Expected snowfall: 2-4 in. up to 1 in. 0 in.
Over 10,000 ft.
Tuesday Tuesday Night Wednesday
Weather: Cloudy. Snow showers likely. Mostly cloudy. Snow showers likely in the evening, then slight chance of snow showers after midnight Mostly cloudy then becoming partly cloudy. Slight chance of snow showers in the morning.
Temperatures: 29 to 34 deg. F. 16 to 21 deg. F. 33 to 38 deg. F.
Wind Direction: S W NW
Wind Speed: 20 to 30 mph with gusts to 50 mph decreasing to 10 to 15 mph with gusts to 30 mph in the afternoon. 15 to 20 mph with gusts to 30 mph increasing to 20 to 30 mph with gusts to 40 mph after midnight. 25 to 35 mph with gusts to 55 mph.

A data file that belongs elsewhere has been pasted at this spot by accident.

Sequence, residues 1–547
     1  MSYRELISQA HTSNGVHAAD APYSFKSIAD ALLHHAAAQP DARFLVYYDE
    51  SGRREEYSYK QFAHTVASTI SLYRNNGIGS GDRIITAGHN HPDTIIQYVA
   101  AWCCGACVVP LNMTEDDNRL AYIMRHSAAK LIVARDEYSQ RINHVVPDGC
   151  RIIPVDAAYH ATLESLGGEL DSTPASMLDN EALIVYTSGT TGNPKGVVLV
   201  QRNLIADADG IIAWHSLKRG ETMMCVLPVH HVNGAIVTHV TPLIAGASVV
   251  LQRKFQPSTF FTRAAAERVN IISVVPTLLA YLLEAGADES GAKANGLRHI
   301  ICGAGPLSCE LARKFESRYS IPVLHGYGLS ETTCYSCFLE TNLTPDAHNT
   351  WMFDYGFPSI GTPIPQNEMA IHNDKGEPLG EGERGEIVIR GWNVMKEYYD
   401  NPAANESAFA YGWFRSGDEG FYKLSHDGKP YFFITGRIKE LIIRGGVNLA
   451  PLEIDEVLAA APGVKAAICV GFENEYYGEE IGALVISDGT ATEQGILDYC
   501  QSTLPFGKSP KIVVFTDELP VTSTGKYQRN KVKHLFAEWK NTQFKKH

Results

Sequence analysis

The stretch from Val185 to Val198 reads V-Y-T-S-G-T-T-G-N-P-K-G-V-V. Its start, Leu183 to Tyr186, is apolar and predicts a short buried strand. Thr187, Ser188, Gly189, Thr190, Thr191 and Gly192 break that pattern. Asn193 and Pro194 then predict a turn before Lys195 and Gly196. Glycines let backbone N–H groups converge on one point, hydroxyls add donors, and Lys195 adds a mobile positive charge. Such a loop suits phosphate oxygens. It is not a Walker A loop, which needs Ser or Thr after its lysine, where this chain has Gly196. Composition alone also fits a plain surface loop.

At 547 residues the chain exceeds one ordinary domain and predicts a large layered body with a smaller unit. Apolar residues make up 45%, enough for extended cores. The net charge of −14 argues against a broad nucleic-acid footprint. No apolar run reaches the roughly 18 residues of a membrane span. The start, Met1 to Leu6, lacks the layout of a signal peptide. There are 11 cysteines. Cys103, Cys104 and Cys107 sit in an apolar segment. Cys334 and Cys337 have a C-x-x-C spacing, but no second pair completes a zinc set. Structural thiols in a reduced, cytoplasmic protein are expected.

Expected snowfall: 3-6 in. up to 1 in. 0 in.
Disclaimer
This Avalanche Advisory is designed to generally describe avalanche conditions where local variations always occur. This product only applies to backcountry areas located outside established ski area boundaries. The information in this Snowpack Summary is provided by the Eastern Sierra Avalanche Center, who is solely responsible for its content.

ESAC receives support from ...